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FinalLegion
4/13/2014 10:35pm,
We've all seen claims from several people who state that they have created their own martial art/system. Some of them are complete bullshit, some of them are legit.

What I've always wondered is: how do you legitimize an art that you develop? Is it similar to the peer review process in academics? Are there accrediting or policing associations that verify your art is legit? Are there agencies within specific arts that declare a style/school is legit?

BJMills
4/13/2014 10:36pm,
Compete. Win. Profit!

ghost55
4/13/2014 10:42pm,
I think this is a question for Omega.

FinalLegion
4/13/2014 11:47pm,
I think this is a question for Omega.

I agree. Maybe he'll see the thread and answer.

Sovvolf
4/13/2014 11:55pm,
To be honest th immature part of me noticed the word "DO it" in the thread title and had a completely different idea of what the thread would be about... Which in that case, Heads down, arse up.

Though on topic, I've been wondering the same thing. Would like to some day turn my karate training and use it to make a full contact hybrid of it. Still to the point that we are using the Karate moves and not changing it into kickboxing but doing it with full contact. Probably a pipe dream as I doubt my skills will ever be good enough to do such a thing but one can only aim and hope.

See how this all plays out.

Chili Pepper
4/14/2014 9:05am,
What I've always wondered is: how do you legitimize an art that you develop? Is it similar to the peer review process in academics? Are there accrediting or policing associations that verify your art is legit? Are there agencies within specific arts that declare a style/school is legit?

In my case, what I taught as a FMA had evolved and was very different from what my guro had taught me (as was his different from what he was originally taught). In fact it was sufficiently different, that when it came time to rank some of my students, I felt I was obligated to declare it to be a different/new style.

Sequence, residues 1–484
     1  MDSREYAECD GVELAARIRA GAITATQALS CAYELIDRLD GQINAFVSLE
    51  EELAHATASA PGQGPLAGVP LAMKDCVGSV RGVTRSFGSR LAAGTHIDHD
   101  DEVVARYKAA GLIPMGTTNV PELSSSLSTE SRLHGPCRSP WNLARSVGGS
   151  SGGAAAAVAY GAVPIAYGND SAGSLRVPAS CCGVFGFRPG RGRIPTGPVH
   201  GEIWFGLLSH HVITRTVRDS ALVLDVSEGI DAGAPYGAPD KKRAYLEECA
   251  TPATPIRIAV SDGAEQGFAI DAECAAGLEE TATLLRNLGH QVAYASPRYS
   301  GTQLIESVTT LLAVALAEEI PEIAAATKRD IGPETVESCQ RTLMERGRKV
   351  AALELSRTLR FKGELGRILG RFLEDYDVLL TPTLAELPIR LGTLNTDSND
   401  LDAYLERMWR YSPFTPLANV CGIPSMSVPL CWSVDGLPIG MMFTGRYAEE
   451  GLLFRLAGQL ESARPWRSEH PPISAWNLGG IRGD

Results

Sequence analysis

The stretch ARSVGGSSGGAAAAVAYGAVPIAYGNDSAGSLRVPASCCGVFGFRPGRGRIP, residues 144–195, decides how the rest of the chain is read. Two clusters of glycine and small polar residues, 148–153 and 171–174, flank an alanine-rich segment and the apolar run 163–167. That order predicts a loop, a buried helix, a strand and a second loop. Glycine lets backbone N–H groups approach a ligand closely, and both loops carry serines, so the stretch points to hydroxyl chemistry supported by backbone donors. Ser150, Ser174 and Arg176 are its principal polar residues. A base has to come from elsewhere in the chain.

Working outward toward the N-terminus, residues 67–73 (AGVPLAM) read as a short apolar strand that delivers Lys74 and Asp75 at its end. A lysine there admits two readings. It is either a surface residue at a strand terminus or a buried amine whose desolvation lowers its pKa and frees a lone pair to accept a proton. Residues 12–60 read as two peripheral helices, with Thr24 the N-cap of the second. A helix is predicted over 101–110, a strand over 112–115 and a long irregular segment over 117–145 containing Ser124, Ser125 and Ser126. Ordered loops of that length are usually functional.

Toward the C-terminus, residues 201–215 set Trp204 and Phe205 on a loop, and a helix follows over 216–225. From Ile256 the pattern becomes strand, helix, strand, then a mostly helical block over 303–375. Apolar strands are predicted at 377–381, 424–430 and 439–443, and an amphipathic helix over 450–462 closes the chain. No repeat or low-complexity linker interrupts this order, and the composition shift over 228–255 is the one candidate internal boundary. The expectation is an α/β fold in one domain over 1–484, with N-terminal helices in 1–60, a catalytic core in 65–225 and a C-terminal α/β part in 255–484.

In terms of legitimacy, I formally asked my guro for his blessing, and he enthusiastically supported my decision. Outside of that, the style sinks or swims based on its own merits - I'm not very good at networking and promotion, and have zero interest in belonging to any associations, so it's all by word of mouth and the reputations that my students and I build.

Krijgsman
4/14/2014 2:10pm,
The self-made systems that make the most sense to me are the ones where the creator has lot of experience in multiple systems and combines everything they have learned into their own system/style and teach that. Examples include: Benny the Jet, Chuck Norris, Erik Paulson.

Chili Pepper's point holds water too. I mean, Gracie Jiu Jitsu, Judo (which was once Kano Ju Jitsu) and many other systems are just named for the guys who taught the style. If it is effective it sticks around.

Holy Moment
4/17/2014 8:31pm,
Here's how you do it:


https://www.youtube.com/watch?v=6GyOSDbFFFo

I'll admit I didn't actually read the question, though.

Here's how you do it:

https://www.youtube.com/watch?v=6GyOSDbFFFo

I'll admit I didn't actually read the question, though.

DdlR
4/18/2014 9:58pm,
We've all seen claims from several people who state that they have created their own martial art/system. Some of them are complete bullshit, some of them are legit.

What I've always wondered is: how do you legitimize an art that you develop? Is it similar to the peer review process in academics? Are there accrediting or policing associations that verify your art is legit? Are there agencies within specific arts that declare a style/school is legit?

Legitimacy is kind of in the eye of the beholder, but I'd say it comes down to the rationale behind the "new" style.